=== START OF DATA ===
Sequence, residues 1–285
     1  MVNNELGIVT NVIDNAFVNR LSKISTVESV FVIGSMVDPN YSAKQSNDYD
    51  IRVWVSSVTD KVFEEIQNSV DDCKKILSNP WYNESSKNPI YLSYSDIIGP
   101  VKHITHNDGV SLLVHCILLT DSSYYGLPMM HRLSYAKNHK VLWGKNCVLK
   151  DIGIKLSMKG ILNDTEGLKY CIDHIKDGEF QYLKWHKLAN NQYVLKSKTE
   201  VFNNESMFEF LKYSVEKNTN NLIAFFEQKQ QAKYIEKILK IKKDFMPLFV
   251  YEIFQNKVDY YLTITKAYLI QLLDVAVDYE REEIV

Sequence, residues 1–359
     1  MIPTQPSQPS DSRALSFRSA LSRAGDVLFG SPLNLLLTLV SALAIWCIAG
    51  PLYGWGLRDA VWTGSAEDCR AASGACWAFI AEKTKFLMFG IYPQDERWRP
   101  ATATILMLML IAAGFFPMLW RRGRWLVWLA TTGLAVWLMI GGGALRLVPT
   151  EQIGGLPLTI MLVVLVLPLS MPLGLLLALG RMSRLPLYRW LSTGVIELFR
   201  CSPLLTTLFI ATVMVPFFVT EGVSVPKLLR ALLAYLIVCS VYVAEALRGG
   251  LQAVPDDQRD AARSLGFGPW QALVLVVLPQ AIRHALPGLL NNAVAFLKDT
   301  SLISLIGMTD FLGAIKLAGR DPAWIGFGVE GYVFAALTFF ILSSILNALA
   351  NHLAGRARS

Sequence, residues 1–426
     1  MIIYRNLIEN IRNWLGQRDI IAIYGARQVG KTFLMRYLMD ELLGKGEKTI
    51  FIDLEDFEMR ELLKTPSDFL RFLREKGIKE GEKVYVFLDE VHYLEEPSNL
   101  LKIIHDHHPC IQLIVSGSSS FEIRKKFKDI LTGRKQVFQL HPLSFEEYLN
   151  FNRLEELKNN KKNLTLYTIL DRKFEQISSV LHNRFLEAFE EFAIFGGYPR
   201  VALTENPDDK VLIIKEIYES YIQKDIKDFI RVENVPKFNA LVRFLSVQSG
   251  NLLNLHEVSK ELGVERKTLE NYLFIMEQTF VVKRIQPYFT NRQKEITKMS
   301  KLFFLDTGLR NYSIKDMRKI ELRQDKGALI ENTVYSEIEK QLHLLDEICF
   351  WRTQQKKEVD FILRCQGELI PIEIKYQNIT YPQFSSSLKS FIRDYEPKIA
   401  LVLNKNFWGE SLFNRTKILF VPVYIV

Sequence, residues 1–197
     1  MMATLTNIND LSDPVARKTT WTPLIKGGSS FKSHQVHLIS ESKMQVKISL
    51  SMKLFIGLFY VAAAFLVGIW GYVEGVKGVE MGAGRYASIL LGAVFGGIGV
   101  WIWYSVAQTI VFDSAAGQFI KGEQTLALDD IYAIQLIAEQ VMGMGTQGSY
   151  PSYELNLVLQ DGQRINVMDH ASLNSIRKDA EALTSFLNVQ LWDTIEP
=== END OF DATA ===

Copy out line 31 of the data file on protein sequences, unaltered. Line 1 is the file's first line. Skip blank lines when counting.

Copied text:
   151  PSYELNLVLQ DGQRINVMDH ASLNSIRKDA EALTSFLNVQ LWDTIEP